It's that last question that took me awhile to learn and, not surprisingly, I learned it from someone I didn't hire, one of the people that previous bosses called "a survivor," not a term of endearment. The idea of survivor is someone who endures through every administration, no matter what happens, they find a way to keep faithful to what they believe is important (maintain integrity) and find a way to hold leadership accountable. A survivor can easily grow bitter, lonely, and defiant...it's easy to see how district leadership moves to silence or violence--a la Crucial Conversations--with survivors. Yet, when problems arise, the survivor has the organizational knowledge to resolve key challenges. The problem for organizational leaders who discount "the survivor" is a failure to listen and respond to the defiant demeanor of the survivor rather than the content of the conversation.
As a result of the richness of my cultural background, I found respect to positions of authority to be deeply ingrained in my being, almost without conscious thought. That means I have to deliberately assert myself when dealing with organizational leaders with higher positional rank than I. Learning to accomplish that has involved a lot of introspection and reflection.
As a team leader and member--for the two are inseparable--it is critical to create learning environments where others feel comfortable challenging the path chosen as a team or as an individual. Power flows from the people we lead, who allow themselves to be led by us. When I go into a meeting where the stakes are high, emotions run deep, and people have different opinions of how to get things done, knowing where my team stands gives me strength unlike that of "standing alone against the horde." The latter is self-righteous--and sometimes you need that--but the former makes challenging the status quo much easier. The web of relationships built with your team supports you as a leader. I can only hold hand over heart in thanks for this lesson learned.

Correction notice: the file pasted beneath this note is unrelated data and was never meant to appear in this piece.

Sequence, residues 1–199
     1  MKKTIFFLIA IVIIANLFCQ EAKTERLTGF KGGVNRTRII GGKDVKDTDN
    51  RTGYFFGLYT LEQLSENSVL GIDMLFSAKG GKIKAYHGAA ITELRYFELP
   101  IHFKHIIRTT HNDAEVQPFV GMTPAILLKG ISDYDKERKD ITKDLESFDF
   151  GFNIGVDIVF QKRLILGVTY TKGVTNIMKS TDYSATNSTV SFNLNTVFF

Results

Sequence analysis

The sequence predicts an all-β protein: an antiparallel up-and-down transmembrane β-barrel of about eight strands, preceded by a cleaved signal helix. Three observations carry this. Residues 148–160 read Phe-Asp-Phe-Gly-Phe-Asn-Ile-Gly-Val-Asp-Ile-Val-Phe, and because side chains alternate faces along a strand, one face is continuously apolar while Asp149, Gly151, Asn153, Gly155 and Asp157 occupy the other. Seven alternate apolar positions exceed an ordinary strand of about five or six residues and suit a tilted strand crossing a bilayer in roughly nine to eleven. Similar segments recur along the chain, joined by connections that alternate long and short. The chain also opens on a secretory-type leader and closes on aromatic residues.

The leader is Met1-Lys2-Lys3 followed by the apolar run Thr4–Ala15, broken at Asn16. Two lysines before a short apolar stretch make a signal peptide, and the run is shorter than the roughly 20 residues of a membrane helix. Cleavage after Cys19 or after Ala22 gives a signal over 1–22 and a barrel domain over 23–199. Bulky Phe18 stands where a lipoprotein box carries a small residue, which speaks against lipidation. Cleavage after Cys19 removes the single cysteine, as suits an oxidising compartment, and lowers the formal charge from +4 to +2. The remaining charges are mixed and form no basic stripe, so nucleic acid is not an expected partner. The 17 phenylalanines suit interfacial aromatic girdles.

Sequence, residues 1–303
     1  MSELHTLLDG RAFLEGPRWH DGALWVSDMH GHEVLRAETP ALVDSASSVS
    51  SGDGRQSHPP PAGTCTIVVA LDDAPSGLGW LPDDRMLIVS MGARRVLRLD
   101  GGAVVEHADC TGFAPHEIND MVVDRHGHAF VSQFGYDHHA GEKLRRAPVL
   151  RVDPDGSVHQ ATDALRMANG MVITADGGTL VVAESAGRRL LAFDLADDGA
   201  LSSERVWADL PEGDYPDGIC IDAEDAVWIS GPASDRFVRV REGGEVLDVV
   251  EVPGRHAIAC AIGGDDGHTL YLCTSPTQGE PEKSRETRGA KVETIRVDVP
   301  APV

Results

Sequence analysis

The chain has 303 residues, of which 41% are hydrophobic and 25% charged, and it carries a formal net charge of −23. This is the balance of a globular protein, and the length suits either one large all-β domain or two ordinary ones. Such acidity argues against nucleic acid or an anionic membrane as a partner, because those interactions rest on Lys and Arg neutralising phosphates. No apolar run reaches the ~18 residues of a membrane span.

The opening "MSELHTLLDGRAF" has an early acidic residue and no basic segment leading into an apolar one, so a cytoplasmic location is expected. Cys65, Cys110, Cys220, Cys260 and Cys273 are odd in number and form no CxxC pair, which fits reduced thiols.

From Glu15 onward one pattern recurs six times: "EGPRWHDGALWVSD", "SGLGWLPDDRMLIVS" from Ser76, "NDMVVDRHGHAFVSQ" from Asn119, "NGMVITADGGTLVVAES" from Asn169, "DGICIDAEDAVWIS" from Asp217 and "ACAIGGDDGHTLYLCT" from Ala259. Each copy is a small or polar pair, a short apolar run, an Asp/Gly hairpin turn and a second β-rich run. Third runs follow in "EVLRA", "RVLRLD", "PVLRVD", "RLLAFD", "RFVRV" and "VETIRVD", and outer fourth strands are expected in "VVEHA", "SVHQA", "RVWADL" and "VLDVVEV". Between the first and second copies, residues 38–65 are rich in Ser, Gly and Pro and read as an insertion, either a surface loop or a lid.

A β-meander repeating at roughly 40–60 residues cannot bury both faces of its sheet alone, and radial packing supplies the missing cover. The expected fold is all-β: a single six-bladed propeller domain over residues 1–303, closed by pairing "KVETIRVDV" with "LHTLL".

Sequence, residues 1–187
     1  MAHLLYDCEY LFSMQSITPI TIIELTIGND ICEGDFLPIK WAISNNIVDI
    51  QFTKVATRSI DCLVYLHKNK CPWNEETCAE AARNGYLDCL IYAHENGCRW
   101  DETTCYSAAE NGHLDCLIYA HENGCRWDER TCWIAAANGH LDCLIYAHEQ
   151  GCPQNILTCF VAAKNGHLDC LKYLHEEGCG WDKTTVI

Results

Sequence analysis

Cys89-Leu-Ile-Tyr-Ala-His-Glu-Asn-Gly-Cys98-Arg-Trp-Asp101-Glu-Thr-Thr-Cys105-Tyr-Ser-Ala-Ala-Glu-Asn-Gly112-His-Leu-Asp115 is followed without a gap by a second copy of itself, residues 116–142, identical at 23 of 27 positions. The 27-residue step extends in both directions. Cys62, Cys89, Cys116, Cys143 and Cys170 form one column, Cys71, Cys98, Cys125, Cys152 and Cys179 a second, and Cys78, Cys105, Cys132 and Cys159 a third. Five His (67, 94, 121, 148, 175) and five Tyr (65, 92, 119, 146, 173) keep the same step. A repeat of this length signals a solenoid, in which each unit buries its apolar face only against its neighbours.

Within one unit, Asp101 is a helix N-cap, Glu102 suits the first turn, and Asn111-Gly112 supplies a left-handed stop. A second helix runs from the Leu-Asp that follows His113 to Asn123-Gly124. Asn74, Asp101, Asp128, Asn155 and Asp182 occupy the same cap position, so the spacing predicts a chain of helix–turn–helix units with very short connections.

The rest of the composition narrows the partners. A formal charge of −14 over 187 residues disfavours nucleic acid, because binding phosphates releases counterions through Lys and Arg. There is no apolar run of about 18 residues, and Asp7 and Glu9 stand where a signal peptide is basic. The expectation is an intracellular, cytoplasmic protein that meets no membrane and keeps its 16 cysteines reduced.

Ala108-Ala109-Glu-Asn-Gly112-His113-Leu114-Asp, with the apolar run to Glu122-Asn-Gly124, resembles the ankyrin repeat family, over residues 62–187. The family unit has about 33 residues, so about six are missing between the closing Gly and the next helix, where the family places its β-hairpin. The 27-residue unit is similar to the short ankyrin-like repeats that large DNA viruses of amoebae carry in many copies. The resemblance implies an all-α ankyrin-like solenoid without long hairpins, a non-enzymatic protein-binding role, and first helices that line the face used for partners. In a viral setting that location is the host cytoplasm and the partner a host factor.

Having worked within an inter-dependent team as a member, I hope to create situations that allow partnering on projects rather than isolation. In my role a team member, my supervisor always made every effort to get us what we needed to do the job. I could never complain that I lacked for the tools to get the job done...and this worked because as a committed team member, I wanted to ensure that we delivered on our self-chosen objectives (our appraisals were based on goals we set for ourselves that aligned to the organization's mission, which is heady stuff!). When I became a coordinator, ensuring that my team had the tools they needed to get the job done was a priority. Less "perks" than essentials that helped them not only accomplish today's mission, but plan for the future and gain an edge.
My favorite quote, paraphrased, that illustrates my views on team-building comes from Bolman and Deal:
A leader's job is to create conditions that promote authorship.
As a writer, being an author empowers me to create and share with others. If you feel safe, supported enough to be create, innovative as a team member, then I would consider this a success. With such a team of empowered creators, acts of collaborative authorship can transcend and transform organizations.